In my last sermon, I opened with a bit about "destination people" versus "journey people." It wasn't meant to be serious, or to provoke much serious thought. It was mostly to help people to relax and engage with the text of Exodus, which is a book about Israel's spiritual journey out of slavery and toward their destination of the Promised Land. So it was fascinating to me that after the service, as people were making their way out and greeting me (as is still tradition in our church), that a friend stopped me with a serious comment about this illustration.
He told me that journey vs. destination is another way of talking about "process orientation" vs "results orientation." Which is true. Some people don't care about how something is done, only that it is done. For others, how you get there is at least equal in importance as that you arrive. This led to a further discussion about politics and also about church ministry. My friend told me that he is usually more process than results oriented. I lean the other way.
The conversation was sharpening for me in light of recent events involving Pastor Mark Driscoll. I have read much of what Mark has written and found much of it beneficial and helpful (esp. Doctrine) and enjoyed a few of his sermons. Moreover, I respect the fact that his church, Mars Hill, has been able to effectively share the Gospel with so many people (esp. young men) in a city as aggressively secular as Seattle. I did have questions, as many did, about various comments he made or actions he took, but somehow, through a combination of my own spiritual immaturity and results orientation, I largely ignored the warning lights.
Now the warning lights have given way to smoke pouring out of the engine. I have no desire to join in what has become a generalized internet pile-on. Yet, I do think that pastors (like me!), who tend toward seeking results above all do well to pay attention to what has occurred. Too many of us were willing to ignore evidence of immature and ungodly behavior in Mark because his ministry was going so well. There really were lots of people coming to faith in Jesus. There were churches being planted. And that's what many of us pastors (again, including me!) hope will one day happen in our churches too. At our best, we want to see those things happen not out of some megalomaniac desire to build a monument to ourselves, but because we really do believe that faith in Jesus Christ is the dividing line between heaven and hell and that life is only found knowing Him. So out of love for others, we greatly desire to see as many as possible know and love and follow Jesus.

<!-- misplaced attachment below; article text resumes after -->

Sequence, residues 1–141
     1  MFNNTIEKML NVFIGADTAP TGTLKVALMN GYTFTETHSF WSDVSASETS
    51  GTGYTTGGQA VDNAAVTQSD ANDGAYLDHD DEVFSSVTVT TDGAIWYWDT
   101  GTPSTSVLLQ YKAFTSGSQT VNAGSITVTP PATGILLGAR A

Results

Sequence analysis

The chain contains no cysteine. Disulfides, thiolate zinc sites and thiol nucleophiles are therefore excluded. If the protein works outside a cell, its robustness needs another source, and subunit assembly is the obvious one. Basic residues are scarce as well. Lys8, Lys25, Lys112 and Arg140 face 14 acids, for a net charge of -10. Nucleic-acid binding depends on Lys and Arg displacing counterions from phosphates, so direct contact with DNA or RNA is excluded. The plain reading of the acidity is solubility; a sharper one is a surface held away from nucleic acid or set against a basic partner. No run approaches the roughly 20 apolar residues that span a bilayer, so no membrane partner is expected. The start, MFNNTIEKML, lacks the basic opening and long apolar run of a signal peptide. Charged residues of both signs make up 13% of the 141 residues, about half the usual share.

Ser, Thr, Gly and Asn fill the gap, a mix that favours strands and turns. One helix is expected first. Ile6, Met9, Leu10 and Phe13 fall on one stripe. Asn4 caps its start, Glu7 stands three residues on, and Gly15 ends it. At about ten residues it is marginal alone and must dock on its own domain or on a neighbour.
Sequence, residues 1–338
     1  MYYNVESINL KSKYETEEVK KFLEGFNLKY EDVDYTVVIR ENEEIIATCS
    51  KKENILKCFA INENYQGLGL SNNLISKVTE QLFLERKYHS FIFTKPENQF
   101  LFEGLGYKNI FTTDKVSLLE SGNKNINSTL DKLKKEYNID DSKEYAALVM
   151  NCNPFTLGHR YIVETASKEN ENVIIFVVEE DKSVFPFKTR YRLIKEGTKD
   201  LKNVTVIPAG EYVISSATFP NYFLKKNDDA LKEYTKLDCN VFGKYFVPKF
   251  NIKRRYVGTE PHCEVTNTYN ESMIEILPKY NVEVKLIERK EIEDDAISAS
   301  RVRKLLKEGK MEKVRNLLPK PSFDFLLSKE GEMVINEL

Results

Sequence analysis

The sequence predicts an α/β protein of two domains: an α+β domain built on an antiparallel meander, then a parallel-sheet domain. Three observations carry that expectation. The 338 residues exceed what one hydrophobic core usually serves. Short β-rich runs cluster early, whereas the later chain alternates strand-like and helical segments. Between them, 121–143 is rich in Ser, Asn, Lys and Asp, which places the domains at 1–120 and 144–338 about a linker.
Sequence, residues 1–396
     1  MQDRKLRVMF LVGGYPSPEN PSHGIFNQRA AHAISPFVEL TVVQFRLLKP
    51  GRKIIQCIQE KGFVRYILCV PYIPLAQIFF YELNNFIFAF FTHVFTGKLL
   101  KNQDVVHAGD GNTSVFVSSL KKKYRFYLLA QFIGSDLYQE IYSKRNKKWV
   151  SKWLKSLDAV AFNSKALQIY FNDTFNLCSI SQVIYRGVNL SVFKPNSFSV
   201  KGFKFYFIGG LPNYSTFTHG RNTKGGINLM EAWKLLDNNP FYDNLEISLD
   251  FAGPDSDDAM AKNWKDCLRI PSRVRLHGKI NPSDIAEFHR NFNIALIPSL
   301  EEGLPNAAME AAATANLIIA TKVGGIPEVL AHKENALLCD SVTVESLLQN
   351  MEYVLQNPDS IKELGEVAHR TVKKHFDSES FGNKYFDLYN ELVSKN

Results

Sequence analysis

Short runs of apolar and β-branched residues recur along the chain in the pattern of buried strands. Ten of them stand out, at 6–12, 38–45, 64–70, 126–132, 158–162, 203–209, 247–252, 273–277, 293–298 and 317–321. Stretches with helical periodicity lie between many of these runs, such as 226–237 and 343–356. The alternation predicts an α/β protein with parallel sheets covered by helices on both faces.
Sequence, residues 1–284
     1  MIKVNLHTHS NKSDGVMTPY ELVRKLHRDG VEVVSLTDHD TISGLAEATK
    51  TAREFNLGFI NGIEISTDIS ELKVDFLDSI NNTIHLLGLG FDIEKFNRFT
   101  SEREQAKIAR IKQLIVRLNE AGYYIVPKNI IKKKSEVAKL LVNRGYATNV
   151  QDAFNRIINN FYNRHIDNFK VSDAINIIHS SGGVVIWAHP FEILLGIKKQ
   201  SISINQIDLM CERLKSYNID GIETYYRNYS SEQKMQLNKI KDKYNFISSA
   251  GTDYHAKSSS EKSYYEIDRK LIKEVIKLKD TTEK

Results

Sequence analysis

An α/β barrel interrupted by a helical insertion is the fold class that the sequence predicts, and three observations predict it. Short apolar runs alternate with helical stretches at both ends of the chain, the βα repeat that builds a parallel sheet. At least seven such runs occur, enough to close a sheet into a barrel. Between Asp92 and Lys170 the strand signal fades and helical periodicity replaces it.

Yet it is apparently easy for that good desire to transmogrify into ugly self-exaltation. May I and my fellow pastors never be granted influence that outruns our character, nor allow ministerial results to so overrule the process of obtaining them that we discredit the Gospel message we so earnestly desire to spread.